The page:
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U.S. Veteran Asks for Forgiveness, Battles to Return Home

 

arnoldThe following is a press release from the Yale Law School Worker and Immigrant Rights Advocacy Clinic:

Conn. Prosecutors Do Not Oppose Pardon Application; ICE to Consider Parole

NEW HAVEN, CT— Former Sgt. Arnold Giammarco, a recently deported U.S. Army veteran, is fighting to reunite with his wife, daughter, and elderly parents in Connecticut.  Today, he is submitting a pardon application to the Connecticut Board of Pardons and Paroles (BOPP) and an application for humanitarian parole to the U.S. Department of Homeland Security (DHS). A press conference will be held on this matter Wednesday, June 4, 2014 at 12 PM EST in Ruttenburg Hall, Yale Law School—Room M64 133, Wall St. New Haven, CT.

“The relevant State’s Attorneys all have weighed in and have agreed that the Division of Criminal Justice does not oppose Mr. Giammarco’s pardon application,” Deputy Chief State’s Attorney Leonard Boyle wrote to Mr. Giammarco’s lawyers. “You may feel free to represent this position to the BOPP.”

Mr. Giammarco has also applied for humanitarian parole from DHS to permit him to return to Connecticut for a period of one year, so as to rejoin his family. His wife Sharon Giammarco has been forced to take three jobs to support herself and their five-year old daughter. His mother, 84 years old, suffers from a terminal heart condition and his father, 91 years old, struggles with dementia. In addition, parole would allow Mr. Giammarco to testify at any BOPP hearing and to participate actively in Giammarco v. Johnson, No. 3:13-cv-1670-VLB (D.Conn.), a separate federal lawsuit over his pending citizenship application.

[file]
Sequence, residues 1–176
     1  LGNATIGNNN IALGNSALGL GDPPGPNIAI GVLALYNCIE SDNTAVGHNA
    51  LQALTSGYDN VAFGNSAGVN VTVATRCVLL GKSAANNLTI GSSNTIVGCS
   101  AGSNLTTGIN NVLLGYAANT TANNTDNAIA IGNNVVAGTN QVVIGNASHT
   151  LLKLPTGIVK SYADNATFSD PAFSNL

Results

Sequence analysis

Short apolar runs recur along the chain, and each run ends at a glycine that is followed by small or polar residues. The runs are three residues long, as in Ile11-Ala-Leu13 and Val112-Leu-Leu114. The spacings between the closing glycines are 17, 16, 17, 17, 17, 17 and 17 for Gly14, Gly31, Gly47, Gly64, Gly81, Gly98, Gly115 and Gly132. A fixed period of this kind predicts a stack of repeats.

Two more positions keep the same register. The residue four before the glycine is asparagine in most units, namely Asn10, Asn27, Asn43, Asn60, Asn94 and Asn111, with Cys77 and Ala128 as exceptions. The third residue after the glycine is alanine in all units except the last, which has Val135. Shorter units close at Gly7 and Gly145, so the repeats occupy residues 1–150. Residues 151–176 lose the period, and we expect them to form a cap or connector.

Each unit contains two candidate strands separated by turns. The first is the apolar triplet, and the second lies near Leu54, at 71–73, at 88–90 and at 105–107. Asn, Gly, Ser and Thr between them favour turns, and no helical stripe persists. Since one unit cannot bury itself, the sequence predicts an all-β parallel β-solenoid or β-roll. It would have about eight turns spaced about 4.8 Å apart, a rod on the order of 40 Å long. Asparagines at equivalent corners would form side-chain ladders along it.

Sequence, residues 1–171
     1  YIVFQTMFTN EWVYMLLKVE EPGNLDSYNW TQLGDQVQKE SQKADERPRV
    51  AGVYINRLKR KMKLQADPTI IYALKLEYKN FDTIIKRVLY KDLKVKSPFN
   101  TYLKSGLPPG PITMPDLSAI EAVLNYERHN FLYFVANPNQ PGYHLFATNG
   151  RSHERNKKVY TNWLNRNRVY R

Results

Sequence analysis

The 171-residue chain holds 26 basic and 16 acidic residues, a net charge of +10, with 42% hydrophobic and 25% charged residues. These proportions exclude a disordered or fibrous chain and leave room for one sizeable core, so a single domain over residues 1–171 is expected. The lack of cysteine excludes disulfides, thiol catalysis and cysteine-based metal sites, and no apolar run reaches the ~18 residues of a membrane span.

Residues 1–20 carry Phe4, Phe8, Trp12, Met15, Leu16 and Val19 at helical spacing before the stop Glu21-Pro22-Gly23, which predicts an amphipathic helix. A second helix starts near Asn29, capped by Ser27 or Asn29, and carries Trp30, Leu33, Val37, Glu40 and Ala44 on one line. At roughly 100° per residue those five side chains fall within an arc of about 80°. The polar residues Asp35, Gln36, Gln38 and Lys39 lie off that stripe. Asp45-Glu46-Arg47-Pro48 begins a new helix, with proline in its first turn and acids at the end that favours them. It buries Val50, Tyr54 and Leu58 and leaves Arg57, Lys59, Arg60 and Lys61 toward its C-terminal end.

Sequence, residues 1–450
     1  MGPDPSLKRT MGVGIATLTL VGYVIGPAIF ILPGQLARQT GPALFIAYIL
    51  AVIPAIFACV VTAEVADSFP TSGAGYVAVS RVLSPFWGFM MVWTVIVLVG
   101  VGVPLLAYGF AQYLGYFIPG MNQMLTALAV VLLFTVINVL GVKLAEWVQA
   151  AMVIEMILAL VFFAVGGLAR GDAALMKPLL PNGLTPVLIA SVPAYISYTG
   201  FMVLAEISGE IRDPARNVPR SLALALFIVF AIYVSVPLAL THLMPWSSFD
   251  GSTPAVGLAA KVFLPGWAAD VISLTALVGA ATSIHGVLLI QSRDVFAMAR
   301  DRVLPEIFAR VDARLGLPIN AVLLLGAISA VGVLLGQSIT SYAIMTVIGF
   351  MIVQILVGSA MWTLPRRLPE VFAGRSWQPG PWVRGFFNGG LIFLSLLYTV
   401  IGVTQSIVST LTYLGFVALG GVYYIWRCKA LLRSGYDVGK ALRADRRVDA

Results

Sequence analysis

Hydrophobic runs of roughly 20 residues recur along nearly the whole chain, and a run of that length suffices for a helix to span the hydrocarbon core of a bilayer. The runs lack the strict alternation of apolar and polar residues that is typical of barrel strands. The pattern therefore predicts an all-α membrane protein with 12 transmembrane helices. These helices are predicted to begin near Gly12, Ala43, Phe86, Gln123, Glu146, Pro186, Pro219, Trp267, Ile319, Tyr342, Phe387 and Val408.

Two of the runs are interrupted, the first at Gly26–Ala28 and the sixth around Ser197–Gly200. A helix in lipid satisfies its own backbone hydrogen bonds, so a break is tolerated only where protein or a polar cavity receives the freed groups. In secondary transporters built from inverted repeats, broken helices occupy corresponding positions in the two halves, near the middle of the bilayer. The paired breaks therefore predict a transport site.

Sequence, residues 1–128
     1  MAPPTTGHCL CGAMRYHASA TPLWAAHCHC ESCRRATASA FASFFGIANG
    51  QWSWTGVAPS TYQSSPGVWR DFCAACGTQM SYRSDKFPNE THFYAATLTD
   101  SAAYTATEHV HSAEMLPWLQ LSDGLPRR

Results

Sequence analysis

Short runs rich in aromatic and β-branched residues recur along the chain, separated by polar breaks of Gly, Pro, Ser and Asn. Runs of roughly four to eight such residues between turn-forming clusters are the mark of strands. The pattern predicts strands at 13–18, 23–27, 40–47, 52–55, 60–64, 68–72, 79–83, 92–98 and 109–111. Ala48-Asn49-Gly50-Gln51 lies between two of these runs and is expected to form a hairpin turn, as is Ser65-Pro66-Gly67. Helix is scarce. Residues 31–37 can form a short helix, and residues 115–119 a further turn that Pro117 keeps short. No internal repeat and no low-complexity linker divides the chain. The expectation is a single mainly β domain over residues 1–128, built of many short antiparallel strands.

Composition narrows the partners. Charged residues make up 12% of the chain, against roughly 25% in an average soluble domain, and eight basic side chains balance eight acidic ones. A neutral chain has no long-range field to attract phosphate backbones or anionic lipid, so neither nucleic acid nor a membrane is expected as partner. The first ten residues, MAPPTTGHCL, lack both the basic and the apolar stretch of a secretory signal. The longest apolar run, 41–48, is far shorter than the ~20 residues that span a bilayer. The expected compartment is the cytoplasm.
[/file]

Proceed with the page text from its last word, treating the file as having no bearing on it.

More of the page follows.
“Arnold has proven that people can transform their lives and the lives of the people they love,” said Mrs. Giammarco. “My daughter and I need him home so that we may continue to grow together. He has suffered enough and I pray that this pardon will give him another chance.”

“We urge the government to permit an upstanding veteran to return to the country he served honorably, the family that needs him, and the only home he knows,” said Garry Monk, Executive Director of the National Veteran’s Council for Legal Redress.  

“ULA hopes that the government will undue the harm that deportation has done to this Connecticut family and their community,” said John Jairo Lugo of Unidad Latina en Acción (ULA). “Mr. Giammarco represents hundreds of thousands of immigrants who have no significant criminal record, yet have been needlessly separated from their families.”

“The Obama Administration has deported 2 million people, but Congress has given DHS broad authority to grant humanitarian parole to persons outside the United States,” said Erika Nyborg-Burch, a law student intern with the Jerome Frank Legal Services Organization of Yale University. “DHS should bring this veteran home.”

View photo galleries: Arnold’s life and what’s happened since he’s been gone